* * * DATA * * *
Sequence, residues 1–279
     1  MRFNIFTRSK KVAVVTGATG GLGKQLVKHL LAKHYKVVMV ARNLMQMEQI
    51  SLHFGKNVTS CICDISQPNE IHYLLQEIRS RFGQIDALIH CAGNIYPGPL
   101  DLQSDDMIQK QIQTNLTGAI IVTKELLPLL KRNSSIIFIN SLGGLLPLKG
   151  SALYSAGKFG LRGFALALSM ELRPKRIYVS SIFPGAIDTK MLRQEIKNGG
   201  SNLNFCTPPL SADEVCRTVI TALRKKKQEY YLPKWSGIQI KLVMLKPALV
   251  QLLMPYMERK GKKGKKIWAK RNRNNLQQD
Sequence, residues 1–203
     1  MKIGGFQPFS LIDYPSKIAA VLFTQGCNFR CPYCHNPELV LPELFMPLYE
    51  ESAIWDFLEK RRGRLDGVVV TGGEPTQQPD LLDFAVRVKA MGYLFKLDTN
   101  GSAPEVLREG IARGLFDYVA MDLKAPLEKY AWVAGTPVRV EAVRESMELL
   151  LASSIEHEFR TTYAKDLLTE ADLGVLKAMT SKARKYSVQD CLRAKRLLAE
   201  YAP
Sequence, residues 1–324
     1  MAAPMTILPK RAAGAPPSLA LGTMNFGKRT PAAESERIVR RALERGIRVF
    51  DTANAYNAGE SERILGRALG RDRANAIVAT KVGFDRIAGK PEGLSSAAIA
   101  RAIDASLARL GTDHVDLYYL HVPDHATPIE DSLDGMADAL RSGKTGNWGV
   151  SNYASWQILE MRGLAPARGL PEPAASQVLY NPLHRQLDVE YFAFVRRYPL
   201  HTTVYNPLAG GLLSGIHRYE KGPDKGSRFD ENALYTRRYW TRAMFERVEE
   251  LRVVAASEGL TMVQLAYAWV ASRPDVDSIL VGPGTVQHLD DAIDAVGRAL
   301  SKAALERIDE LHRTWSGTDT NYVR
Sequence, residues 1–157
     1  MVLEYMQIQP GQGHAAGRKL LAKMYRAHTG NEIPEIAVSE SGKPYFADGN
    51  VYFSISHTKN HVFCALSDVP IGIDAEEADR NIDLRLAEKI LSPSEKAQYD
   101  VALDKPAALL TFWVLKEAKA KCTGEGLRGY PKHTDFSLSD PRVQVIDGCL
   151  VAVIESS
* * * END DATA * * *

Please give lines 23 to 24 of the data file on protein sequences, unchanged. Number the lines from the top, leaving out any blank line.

     1  MVLEYMQIQP GQGHAAGRKL LAKMYRAHTG NEIPEIAVSE SGKPYFADGN
    51  VYFSISHTKN HVFCALSDVP IGIDAEEADR NIDLRLAEKI LSPSEKAQYD